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A Technical Writer by day and a novelist by night, Mark Noce also finds time to write flash fiction. While his short pieces tend to be contemporary fiction, his novels consist of historical thrillers set in eras ranging from Medieval Wales to Caribbean piracy to the American Civil War, just to name a few. He loves reading, writing, traveling, gardening, sailing, and spending time with his family at home in the San Francisco Bay Area.

Aliza Greenblatt: According to your blog, you write historical novels and contemporary short stories. How do you pick which time period to base your novels in? When you first started writing, did you begin with novels or short stories? What drew you to flash fiction?

Mark Noce: I love writing novels! Needless to say, I have so many ideas for books that I really wonder whether I can get them all written in one lifetime. When it comes to picking a time period or setting for a book, I actually prefer to try and write a single opening line first, and then let that tell me what kind of story I should write. It’s a bit of a chicken-and-egg conundrum, but it works for me. However, novels take a long time to write. In contrast, flash fiction gives me a wonderful release, because I can complete a single story within a day or two. It’s really satisfying to see a 1,000-word piece of fiction come to fruition while the inspiration is still fresh in my mind.

AG: When you sit down to write a new story, what is your process like?

MN: It’s funny. There’s what I want to write, and what I actually write. I often think I’ll write a story about a subject I just read in a book or in a movie I saw, and then all of the sudden I’ll come up with an opening line for an entirely different story. I’ve learned not to fight it, and simply go with the flow. The story that comes out effortlessly in that first draft is the one I stick with to the end.

AG: This piece, to me, was a retelling of the Sir Gawain and the Green Knight legend. It was also a lot more interesting because instead of being themed around chivalry, it was about facing your fears. Was that your intention? Why did you decide to make the two main protagonists kids?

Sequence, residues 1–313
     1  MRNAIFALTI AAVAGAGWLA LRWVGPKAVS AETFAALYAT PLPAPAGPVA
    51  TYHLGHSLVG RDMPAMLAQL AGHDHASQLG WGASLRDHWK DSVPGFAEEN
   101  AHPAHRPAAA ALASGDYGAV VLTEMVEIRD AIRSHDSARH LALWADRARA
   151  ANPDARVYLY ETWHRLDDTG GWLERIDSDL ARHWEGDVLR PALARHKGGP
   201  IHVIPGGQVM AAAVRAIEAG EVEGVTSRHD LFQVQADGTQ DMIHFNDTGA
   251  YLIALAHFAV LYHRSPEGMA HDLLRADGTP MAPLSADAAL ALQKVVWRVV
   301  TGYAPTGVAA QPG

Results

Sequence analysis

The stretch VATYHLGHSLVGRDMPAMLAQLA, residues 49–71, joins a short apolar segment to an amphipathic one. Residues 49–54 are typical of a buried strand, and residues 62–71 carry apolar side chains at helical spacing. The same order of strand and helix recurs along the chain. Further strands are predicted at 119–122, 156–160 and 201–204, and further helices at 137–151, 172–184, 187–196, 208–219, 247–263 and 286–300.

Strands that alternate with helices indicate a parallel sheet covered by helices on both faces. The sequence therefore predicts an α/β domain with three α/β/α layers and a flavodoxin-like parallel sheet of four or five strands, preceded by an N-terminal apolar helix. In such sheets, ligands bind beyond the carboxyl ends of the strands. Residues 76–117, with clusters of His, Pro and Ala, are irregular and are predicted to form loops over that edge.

MN: Meet Me at the Waterfront is definitely inspired by Sir Gawain and the Green Knight, which in turn is inspired by the Celtic Irish legends of Cu Chulainn (which predate it by at least a thousand years). So when approaching such an old and revered tale, I had to put my own modern twist on it. I’m fascinated by myth, and I think childhood stories show myth in a revealing way. As children, our schoolyard encounters seem like epic events that we often forget or dismiss as we get older, but I believe such moments in our lives hold a power and a wisdom about who we really are underneath. The protagonists in this story needed to be children, because as kids we’re much more willing to accept the inexplicable elements of life that we often try to rationalize or ignore as we turn into adults.

AG: The main conflict of the story was about the appearance of bravery versus being afraid, but accepting the consequences anyway. Why did the narrator decide to stand his ground even though he was certain he was going to die?

MN: That’s hard to answer in a few words. I could write an entire essay on the hero’s motivations, but that’s why I like stories. In fewer words, I can give you the whole gist even though it may not be as direct as a series of longwinded statements. Why do we do anything? It’s simply in our natures, it’s who we are, and what we want. I don’t think the protagonist himself knew he would stand his ground until he actually did it. As the saying goes, it’s in the abyss that we find ourselves.

AG: What were some of the challenges of writing this story? What, if anything, did the flash format simplify? Do you have any favorite parts?

MN: Writing flash fiction has definitely sharpened all of my writing in general. In order to get under the 1,000-word limit, I have to slash anything unnecessary and still maintain the core of the story. As a novelist, it’s a truly invigorating experience, testing my abilities and helping me to get to the heart of the story with an immediacy that all good stories should have.

AG: What other projects are you currently working on? Are there other stories of yours, either upcoming or published, that you can point readers to?

MN: Oh, yes! My next flash fiction piece, Chronicles of the SFPD, comes out on June 21st at Every Day Fiction. In addition, I’m revising my next historical thriller entitled Between Two Fires, which you can learn more about here. If you like what you’ve seen of my work so far, please check them out. Thanks!

AG: Thank you very much for taking the time to chat with us. Best of luck with all your writing endeavors.

__________________

Aliza profile-pic-2

Aliza T. Greenblatt works in a firmly non-writing field when the sun is up and writes under a desk lamp at night.   Fueled by a sheer love of books and a tyrannical imagination, she writes the stories that appear over her morning coffee and won’t leave her alone until they are put down on paper.   She writes, raves, and blogs at http://atgreenblatt.com. and on Twitter  @AtGreenblatt